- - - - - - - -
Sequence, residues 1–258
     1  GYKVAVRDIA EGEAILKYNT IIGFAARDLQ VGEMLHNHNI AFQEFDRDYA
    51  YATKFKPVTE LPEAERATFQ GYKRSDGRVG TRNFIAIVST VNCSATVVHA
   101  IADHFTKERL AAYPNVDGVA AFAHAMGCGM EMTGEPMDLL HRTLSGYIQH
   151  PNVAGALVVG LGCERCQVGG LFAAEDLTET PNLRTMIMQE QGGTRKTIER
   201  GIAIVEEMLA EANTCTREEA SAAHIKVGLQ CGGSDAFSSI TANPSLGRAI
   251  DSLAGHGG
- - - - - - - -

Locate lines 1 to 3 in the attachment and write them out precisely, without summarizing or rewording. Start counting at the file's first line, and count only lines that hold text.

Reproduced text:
Sequence, residues 1–258
     1  GYKVAVRDIA EGEAILKYNT IIGFAARDLQ VGEMLHNHNI AFQEFDRDYA
    51  YATKFKPVTE LPEAERATFQ GYKRSDGRVG TRNFIAIVST VNCSATVVHA